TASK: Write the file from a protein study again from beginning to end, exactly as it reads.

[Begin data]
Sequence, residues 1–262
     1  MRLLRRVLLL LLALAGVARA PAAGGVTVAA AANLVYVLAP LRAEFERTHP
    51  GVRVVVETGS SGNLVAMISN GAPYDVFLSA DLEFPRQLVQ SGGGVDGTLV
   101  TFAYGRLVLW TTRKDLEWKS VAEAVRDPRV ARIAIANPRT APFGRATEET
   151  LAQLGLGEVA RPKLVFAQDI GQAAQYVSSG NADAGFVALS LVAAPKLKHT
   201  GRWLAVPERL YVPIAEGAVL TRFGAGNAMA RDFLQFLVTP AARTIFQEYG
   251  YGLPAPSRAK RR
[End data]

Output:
Sequence, residues 1–262
     1  MRLLRRVLLL LLALAGVARA PAAGGVTVAA AANLVYVLAP LRAEFERTHP
    51  GVRVVVETGS SGNLVAMISN GAPYDVFLSA DLEFPRQLVQ SGGGVDGTLV
   101  TFAYGRLVLW TTRKDLEWKS VAEAVRDPRV ARIAIANPRT APFGRATEET
   151  LAQLGLGEVA RPKLVFAQDI GQAAQYVSSG NADAGFVALS LVAAPKLKHT
   201  GRWLAVPERL YVPIAEGAVL TRFGAGNAMA RDFLQFLVTP AARTIFQEYG
   251  YGLPAPSRAK RR